From the first shot, Crossfire (1947) seems to be throwing you into a genre flick. It opens with a fist fight, in shadow, mostly off camera. You can’t see faces. It feels like a film noir or a crime movie.
As the action unfolds though, the social issue roots of the story reveal themselves. It’s still gritty and built for thrills, but there’s more substance than is obvious at first. Now available on Blu-ray from Warner Archive, this fascinating film is bolstered by a charismatic cast and a well-written script by John Paxton which was nominated for an Academy Award.
Whatever else Crossfire has going for it, and it’s got a lot, it’s especially remarkable for gathering three different and unique Roberts: Taylor, Mitchum, and Ryan. The trio settles into familiar roles, which makes the plot twists easy to project, but mystery isn’t the true draw here. Mitchum gets the best lines and he’s often funny in his dry way, Ryan has the showstopper part, and Taylor brings great depth to his role as a detective trying to unravel a murder.
In a movie full of big personalities, it’s noteworthy that the lesser-known George Cooper makes such an impression. As a GI accused of murder, he’s sympathetic and appealing in that interesting way film actors can have of being relatable, but also more fascinating than normal folks. The son of silent film actor George Cooper Sr., his filmography shows a handful of westerns and crime movies in the forties, a few more television roles in the fifties, and only one more role in 1975. It seems that Cooper’s real love was painting and his connections in Hollywood gave him work that was a means to an end and enabled his return to society after serving in the Navy during World War II. He later achieved his dream of becoming an artist.
Cooper has a couple of great scenes with his leading ladies. One is with Gloria Grahame, who is memorable in her small role as a downtrodden, but alluring bar girl who holds the key to the GI’s freedom. Another is a tender and somewhat offbeat moment in a movie theatre balcony with Jacqueline White, who plays his understanding wife. In these scenes Cooper effectively communicates the trauma and disorientation a soldier can feel, something he might have experienced himself as a veteran.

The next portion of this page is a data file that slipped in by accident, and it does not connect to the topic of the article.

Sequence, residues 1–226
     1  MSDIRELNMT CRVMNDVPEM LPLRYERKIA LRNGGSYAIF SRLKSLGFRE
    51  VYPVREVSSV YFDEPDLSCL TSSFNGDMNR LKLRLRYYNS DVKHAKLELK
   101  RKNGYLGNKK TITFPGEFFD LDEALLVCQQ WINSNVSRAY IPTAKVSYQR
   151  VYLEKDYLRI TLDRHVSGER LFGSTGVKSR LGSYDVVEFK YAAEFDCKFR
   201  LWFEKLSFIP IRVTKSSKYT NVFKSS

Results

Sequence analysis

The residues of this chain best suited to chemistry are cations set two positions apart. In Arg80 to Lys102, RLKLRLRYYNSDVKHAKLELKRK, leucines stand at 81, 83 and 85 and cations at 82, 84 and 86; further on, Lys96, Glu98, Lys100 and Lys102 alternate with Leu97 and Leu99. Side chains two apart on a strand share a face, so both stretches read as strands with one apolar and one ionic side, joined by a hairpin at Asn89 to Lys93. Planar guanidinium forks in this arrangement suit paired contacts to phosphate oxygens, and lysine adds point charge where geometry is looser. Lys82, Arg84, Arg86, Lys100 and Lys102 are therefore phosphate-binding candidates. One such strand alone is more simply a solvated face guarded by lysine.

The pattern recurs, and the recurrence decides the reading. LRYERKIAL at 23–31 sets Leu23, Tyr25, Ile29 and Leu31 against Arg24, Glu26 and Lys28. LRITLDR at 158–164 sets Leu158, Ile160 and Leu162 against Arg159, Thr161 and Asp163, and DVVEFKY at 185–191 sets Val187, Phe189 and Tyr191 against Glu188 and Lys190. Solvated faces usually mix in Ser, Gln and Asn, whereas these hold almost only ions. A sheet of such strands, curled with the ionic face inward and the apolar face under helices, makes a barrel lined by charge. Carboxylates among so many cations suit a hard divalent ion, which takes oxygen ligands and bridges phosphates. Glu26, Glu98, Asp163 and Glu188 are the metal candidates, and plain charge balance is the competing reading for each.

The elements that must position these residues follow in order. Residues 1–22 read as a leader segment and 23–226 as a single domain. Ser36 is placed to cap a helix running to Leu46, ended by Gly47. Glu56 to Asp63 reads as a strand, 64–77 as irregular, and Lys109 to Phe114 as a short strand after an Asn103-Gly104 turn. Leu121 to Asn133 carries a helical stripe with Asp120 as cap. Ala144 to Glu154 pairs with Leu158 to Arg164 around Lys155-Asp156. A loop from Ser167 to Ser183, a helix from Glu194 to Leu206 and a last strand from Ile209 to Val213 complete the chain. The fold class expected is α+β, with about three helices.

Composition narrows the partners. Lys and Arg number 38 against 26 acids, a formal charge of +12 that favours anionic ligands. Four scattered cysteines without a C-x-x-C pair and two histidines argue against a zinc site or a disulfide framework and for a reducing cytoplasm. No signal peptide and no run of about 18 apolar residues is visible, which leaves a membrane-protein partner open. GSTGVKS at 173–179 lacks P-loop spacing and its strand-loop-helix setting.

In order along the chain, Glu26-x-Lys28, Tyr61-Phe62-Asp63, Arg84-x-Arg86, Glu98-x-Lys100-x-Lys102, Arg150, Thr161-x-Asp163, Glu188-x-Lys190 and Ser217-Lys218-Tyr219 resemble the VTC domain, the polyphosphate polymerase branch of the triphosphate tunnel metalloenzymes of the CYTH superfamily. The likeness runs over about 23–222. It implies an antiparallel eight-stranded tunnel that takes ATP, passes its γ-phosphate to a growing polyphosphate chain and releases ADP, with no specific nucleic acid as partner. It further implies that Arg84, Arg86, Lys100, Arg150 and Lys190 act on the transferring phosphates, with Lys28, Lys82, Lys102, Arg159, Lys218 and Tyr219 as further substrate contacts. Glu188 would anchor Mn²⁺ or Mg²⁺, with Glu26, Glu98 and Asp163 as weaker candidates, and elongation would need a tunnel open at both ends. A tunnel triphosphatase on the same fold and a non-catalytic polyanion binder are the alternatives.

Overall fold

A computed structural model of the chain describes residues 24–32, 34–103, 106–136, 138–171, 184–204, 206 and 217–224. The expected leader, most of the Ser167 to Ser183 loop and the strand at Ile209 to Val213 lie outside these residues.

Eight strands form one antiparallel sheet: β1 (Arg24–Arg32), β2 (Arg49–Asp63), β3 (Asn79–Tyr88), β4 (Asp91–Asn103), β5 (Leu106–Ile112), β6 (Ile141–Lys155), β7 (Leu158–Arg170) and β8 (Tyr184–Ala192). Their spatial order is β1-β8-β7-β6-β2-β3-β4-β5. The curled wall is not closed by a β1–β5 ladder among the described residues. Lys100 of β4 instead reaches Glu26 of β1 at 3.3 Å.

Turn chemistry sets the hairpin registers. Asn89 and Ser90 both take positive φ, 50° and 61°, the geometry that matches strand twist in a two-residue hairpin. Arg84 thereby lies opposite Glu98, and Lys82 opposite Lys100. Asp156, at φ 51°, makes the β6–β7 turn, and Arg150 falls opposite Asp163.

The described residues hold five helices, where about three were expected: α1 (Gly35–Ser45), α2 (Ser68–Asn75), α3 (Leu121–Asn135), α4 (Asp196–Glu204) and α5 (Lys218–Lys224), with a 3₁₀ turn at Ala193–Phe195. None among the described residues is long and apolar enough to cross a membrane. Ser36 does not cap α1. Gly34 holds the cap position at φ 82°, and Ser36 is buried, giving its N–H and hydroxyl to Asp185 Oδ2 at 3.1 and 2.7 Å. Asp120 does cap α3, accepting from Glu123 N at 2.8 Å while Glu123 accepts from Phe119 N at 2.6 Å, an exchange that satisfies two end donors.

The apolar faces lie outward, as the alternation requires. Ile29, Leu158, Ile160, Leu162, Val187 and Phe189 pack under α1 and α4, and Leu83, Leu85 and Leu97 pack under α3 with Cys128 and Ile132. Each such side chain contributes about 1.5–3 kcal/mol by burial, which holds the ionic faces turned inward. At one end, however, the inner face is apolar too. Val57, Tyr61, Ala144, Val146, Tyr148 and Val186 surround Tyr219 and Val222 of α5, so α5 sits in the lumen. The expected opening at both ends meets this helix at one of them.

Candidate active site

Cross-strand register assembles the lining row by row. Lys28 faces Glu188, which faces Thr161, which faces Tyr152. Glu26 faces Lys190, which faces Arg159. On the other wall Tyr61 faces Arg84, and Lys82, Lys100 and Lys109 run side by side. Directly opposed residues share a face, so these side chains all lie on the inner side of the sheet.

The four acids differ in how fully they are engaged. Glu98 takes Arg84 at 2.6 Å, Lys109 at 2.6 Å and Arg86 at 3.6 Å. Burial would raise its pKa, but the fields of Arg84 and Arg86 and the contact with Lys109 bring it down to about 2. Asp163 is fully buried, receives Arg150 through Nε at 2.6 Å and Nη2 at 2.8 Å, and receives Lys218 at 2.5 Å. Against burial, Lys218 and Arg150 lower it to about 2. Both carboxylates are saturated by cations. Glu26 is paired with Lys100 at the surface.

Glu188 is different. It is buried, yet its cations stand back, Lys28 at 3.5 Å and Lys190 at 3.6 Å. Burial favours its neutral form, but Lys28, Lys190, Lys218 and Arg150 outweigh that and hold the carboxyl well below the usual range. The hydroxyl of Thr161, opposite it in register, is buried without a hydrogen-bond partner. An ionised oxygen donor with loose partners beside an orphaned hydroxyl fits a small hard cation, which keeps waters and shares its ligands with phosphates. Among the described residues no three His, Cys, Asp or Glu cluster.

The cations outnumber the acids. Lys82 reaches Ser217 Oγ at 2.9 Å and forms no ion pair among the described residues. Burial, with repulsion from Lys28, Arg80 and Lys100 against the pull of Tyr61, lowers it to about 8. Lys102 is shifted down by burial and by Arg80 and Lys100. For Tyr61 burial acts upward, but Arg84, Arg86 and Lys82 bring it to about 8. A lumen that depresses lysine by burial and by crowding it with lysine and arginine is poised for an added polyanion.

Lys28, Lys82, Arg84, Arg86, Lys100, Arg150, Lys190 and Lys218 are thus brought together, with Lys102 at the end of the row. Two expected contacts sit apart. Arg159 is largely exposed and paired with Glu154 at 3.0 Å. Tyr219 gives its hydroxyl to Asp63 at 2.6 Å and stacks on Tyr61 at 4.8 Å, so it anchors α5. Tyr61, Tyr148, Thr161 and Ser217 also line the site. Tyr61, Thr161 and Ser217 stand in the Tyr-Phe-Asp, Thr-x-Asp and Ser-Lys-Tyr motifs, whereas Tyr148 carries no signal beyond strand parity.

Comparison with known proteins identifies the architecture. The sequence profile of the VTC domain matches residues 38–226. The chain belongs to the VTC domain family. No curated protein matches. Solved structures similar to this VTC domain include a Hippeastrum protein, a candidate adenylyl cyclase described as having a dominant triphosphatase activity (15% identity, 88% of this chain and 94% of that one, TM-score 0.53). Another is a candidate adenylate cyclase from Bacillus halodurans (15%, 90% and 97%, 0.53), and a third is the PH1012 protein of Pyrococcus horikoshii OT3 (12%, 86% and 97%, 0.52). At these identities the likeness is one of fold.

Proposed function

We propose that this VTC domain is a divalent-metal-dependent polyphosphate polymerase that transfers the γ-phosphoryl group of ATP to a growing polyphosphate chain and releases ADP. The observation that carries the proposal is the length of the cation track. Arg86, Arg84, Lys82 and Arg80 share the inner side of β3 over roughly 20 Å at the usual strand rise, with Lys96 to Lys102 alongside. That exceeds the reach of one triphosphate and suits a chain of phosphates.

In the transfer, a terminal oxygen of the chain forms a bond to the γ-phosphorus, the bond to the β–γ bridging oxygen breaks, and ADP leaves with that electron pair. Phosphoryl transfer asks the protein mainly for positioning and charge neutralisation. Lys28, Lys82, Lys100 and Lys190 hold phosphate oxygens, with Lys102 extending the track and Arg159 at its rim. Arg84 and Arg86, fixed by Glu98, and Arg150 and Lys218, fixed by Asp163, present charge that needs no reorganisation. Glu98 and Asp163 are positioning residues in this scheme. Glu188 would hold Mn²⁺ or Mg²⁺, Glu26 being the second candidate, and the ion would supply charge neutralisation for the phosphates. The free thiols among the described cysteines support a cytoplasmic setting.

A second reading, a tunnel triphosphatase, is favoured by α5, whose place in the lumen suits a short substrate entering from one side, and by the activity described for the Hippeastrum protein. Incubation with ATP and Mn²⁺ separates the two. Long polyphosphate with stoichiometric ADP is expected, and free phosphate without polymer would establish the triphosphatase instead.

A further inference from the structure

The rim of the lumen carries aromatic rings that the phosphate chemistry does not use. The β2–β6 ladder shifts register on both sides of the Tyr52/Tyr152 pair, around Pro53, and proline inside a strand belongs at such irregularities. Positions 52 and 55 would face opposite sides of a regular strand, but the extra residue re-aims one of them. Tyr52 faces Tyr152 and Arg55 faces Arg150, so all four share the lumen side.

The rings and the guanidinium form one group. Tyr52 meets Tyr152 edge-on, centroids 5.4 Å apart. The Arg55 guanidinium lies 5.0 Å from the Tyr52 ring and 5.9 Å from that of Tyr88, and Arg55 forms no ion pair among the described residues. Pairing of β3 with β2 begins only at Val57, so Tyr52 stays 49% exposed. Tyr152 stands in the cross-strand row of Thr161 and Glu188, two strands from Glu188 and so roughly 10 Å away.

In a film that centers on the impact different perspectives can have, it’s interesting how director Edward Dmytryk plays with point-of-view. From that first scene, he’s deliberate in the way he reveals the action and how he introduces characters. You can be quietly engrossed in a scene and suddenly have a new perspective based on the way his actors slip into the frame.
When the social issue that’s the real focus of the film reveals itself, it unfortunately the dialogue-heavy exposition slows the action for a bit, though eventually things right themselves and the film hits its stride again. Ultimately Crossfire manages to both hold onto its genre intrigue and effectively share its message, winning Oscar nominations in addition to the screenplay for Dmytryk, Grahame, and Ryan.
Special features on the disc include commentary by film historians Alain Silver and James Ursini, and with audio interview excerpts from director Edward Dmytryk, and the informative featurette Crossfire: Hate is Like a Gun.
Many thanks to Warner Archive for providing a copy of the film for review. To order, visit The Warner Archive Collection.